Podcasts and Participatory Storytelling

In the Information Age, people are rediscovering an ancient form of entertainment.

Like so many others, my imagination was captured when I first encountered compelling podcasts. I first listened to NPR’s Invisibilia on the recommendation of my girlfriend. Next, a friend suggested I listen to Welcome to Night Vale, a long-form Lovecraftian tale of a fictional desert city told in the style of community radio. Finally, late to the party as always, I got hooked on the famous Serial podcast. Since then, as I continue to listen to podcasts off and on, I have often wondered what has inspired their recent surge in popularity and nigh-universal appeal.

Industry specialists have offered answers ranging from the improvement of recording technology to the existence of Internet-enabled cars But such explanations are not really answers at all. New technologies, smartphones, smart cars, etc. simply make podcasts accessible, but they do not make them inherently appealing. When given the choice between traditional radio, audiobooks, music, or simply carpool conversation, what makes podcasts such a common choice? Technology is an explanation for how people are able to listen to podcasts, but not why they listen to them.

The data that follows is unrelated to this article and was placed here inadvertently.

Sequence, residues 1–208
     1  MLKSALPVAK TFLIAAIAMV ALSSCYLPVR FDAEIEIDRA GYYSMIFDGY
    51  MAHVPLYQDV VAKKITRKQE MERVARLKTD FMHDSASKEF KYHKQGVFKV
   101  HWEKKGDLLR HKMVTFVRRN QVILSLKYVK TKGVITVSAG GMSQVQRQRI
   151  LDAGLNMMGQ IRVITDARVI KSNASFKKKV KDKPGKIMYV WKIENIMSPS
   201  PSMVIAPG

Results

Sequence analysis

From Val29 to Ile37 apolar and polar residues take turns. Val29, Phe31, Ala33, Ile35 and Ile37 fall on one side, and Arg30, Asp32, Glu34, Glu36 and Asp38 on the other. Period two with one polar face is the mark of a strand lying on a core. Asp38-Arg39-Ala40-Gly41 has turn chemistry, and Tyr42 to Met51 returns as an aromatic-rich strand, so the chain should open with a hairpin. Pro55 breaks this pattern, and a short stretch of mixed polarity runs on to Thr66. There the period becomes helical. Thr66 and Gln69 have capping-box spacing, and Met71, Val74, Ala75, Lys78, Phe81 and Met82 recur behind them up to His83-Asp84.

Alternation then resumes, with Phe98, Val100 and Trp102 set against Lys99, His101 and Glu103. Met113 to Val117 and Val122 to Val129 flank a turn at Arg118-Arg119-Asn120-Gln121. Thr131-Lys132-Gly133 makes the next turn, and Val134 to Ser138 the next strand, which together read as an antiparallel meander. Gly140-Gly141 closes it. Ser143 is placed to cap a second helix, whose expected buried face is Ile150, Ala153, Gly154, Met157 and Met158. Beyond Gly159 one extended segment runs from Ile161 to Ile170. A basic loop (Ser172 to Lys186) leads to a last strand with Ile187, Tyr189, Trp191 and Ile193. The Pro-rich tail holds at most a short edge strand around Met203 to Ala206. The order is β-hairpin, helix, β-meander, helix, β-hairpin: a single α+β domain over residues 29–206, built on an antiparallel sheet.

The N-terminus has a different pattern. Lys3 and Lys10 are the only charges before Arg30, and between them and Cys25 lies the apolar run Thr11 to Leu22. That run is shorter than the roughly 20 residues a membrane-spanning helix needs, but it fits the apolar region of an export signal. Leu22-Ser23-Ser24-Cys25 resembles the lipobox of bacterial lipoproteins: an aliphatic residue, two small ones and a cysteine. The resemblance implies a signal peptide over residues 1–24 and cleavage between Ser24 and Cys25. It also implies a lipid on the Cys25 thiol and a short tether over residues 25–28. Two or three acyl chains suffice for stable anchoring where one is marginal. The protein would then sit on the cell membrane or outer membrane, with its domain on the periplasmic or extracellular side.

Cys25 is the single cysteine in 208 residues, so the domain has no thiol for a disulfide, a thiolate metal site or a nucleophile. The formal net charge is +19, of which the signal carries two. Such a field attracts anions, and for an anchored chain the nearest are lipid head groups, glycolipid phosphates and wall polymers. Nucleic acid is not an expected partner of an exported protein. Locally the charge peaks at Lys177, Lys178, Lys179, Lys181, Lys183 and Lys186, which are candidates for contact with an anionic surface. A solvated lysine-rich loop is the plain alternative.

Maybe the answer is something less mundane, and thus more humane. Perhaps podcasts tap into an older form of storytelling that has been mostly lost in the Information Age. In a world of sensory-overload films and unlimited streaming television, podcasts have reached their golden age because audiences still enjoy listening and imagining the way that humans have for millennia.

There are obvious surface contrasts between visual storytelling and oral storytelling. When an audience watches a film or a show on Netflix, the pictures are presented to them fully formed. Certain imaginative work is required to fill in details off-screen, but the majority of the world-shaping has been accomplished in the filming itself. When one listens to a story, most of the details must be filled in, forcing the audience to actively engage with the material presented in order to comprehend and appreciate what is given.